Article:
Berlin private medical school accused of allowing illegal human dissections
Health officials also allege that Prometheus Academy’s head isn’t a real doctor
Under investigation: the Prometheus Academy website shows medical-school hopefuls dissecting body parts
A private medical school in Berlin is under investigation amid claims that its students illegally dissected bodies of unclear provenance.
For €4,000 the Prometheus Academy offers students a four-month course to prepare them for medical school entrance exams. But when Berlin health authorities visited they said they found bodies and body parts without any documentation of their origins. “There were no consent agreements for body donations,” said Patrick Larscheid, a health officer in Berlin’s Reinickendorf neighbourhood.
The bodies were seized to determine their origin and cause of death. The academy has been closed pending investigation of a series of allegations: storing bodies without a licence; allowing laypeople to perform dissections; and breaching German burial law.
On its website the academy, which has locations in Berlin, Munich and Cologne, shows videos of medical-school hopefuls removing gall bladders and slicing other body parts.
“When you see the enthusiasm of the students for the specimens, that’s what’s important for their studies,” said one staff member. Another said: “I think it’s interesting in the course that they learn how to work practically.”
Berlin health officials insist such practical dissections are illegal for nonmedical professionals and accuse the academy founder, Markus Wrase, of claiming fraudulently that he is a doctor, when he has only an honorary title awarded by a university in Romania.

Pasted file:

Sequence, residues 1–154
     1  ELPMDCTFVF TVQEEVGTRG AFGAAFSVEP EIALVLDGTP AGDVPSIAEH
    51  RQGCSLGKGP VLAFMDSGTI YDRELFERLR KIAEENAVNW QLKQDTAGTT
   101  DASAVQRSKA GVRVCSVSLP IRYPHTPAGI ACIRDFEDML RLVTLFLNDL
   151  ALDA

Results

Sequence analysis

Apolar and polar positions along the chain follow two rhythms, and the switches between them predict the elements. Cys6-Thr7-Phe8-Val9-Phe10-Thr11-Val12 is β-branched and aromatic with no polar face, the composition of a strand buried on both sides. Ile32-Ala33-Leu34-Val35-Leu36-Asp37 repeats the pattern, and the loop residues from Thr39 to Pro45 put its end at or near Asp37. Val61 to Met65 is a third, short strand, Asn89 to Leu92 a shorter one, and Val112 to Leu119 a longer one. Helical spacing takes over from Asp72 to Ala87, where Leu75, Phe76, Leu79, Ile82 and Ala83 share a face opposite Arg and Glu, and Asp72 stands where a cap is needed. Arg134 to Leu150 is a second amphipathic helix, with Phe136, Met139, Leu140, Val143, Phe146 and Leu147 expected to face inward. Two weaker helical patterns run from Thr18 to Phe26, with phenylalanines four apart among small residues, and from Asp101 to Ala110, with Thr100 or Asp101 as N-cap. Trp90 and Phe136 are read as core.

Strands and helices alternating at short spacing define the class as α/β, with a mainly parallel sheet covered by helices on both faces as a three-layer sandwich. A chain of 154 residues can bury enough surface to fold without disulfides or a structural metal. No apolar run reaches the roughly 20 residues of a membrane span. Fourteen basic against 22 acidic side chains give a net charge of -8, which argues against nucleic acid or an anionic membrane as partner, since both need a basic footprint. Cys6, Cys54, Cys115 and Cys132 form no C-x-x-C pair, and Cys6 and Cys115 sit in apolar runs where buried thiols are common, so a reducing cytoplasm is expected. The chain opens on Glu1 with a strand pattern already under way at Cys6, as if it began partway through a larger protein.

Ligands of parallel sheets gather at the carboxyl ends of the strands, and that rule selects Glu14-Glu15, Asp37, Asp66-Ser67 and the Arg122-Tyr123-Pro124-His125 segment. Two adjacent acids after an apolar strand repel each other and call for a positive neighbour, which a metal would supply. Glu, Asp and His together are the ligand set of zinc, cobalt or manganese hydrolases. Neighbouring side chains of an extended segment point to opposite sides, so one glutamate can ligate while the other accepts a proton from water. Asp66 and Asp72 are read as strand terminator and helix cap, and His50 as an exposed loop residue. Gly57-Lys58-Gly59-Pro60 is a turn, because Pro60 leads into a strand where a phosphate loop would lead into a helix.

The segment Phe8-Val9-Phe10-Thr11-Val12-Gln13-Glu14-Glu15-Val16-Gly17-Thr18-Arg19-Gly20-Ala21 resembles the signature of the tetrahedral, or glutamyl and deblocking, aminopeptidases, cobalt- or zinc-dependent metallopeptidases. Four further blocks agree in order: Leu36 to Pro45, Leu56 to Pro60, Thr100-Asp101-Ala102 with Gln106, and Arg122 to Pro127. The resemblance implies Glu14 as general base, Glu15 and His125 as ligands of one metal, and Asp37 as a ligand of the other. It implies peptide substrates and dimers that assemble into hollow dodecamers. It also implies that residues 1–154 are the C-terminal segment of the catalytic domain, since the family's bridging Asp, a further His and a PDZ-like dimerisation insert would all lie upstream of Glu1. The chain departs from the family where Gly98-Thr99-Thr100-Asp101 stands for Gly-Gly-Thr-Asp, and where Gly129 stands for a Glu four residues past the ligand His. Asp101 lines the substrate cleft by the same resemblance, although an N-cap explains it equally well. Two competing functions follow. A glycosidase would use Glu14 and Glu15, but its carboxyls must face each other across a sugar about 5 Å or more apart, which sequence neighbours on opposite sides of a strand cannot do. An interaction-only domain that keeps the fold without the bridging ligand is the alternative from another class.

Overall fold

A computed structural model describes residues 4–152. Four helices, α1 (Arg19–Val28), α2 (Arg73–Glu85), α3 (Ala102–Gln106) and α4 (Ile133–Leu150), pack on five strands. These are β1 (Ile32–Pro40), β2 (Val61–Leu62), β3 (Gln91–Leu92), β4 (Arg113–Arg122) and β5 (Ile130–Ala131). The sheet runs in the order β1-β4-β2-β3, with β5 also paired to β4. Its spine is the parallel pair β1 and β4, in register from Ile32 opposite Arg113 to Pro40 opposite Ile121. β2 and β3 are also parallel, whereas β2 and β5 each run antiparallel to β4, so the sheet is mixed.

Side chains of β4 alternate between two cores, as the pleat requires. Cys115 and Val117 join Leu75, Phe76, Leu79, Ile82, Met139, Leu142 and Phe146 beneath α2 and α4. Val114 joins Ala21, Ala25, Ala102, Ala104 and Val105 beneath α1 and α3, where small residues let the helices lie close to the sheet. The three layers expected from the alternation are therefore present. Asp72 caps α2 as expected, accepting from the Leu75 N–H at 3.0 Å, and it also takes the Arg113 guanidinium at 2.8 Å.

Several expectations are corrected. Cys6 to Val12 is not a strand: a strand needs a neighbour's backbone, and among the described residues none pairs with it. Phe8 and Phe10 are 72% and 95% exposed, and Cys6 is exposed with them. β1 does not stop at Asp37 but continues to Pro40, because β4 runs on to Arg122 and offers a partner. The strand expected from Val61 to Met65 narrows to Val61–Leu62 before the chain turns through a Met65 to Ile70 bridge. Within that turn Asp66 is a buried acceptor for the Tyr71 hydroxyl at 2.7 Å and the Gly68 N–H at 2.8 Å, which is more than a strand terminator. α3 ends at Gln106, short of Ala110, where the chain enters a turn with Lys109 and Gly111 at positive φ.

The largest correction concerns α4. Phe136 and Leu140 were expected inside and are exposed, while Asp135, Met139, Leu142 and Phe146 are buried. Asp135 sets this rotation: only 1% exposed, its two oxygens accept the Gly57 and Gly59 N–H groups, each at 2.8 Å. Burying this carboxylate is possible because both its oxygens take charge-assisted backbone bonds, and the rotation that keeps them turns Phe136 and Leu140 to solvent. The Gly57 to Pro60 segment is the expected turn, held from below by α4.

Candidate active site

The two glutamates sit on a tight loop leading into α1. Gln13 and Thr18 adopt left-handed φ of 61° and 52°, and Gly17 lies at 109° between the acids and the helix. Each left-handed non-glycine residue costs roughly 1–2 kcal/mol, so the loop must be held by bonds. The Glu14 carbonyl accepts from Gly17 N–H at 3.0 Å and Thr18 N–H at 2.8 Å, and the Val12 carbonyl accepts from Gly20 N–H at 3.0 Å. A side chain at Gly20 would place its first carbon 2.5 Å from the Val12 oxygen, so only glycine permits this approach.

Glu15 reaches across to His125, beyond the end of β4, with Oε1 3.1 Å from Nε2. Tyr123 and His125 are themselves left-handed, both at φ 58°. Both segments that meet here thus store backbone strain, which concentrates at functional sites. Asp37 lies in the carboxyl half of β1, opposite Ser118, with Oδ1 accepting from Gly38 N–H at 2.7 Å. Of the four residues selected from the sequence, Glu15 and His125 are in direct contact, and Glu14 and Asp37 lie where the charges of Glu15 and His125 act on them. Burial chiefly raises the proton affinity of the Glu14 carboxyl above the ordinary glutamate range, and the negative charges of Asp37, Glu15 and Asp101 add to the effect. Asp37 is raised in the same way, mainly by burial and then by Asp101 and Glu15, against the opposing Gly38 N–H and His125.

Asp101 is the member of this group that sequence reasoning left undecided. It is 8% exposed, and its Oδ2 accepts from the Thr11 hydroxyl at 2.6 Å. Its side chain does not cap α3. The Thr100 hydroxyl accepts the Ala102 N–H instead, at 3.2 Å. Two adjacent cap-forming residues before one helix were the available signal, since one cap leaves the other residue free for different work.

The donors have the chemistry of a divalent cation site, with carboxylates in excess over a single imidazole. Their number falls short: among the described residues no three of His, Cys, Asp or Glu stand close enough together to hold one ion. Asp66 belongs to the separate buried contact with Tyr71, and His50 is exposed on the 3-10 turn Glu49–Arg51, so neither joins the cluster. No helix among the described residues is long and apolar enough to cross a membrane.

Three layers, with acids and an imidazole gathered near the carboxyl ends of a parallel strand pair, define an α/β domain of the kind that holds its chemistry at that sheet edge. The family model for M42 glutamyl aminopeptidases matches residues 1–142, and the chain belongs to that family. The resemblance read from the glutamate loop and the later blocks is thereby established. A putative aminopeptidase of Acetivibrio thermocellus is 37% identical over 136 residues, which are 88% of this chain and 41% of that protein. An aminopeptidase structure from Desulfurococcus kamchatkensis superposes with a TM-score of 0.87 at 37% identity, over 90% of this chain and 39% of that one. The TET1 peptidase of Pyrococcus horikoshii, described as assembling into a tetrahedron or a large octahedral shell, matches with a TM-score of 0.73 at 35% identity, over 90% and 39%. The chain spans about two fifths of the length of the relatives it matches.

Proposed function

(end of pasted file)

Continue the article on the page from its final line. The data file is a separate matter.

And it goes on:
The Prometheus Academy said the founder was a trained paramedic. “He is not a doctor, never claimed this or created this impression,” it said.
On the academy’s website Wrase uses the title “Dr” alongside a text saying “we are health professionals” anxious to assist “future colleagues” in their professional training. Asked about a car on the campus that has blue lights and “emergency doctor” on the outside, the academy said this was to help train students.
The academy insisted that all documentation had been furnished for the bodies and that, as a private institute, it was legally entitled to offer dissection and practical anatomy courses for future medical professionals.
A former staff member cast doubt on the academy’s claims, however, saying the body parts had come from the United States and Poland and were brought into the country without customs declarations.
“Mr Wrase brought one delivery into the academy personally in a roller suitcase,” the man, who asked not to be identified, told Berlin’s RBB television. “There were arms, legs, a liver, kidney and a head with shoulder area.”
At one point body parts were stored in a regular domestic freezer, he said. “The freezer was then wiped out and used to store cream puffs, later offered to course participants.”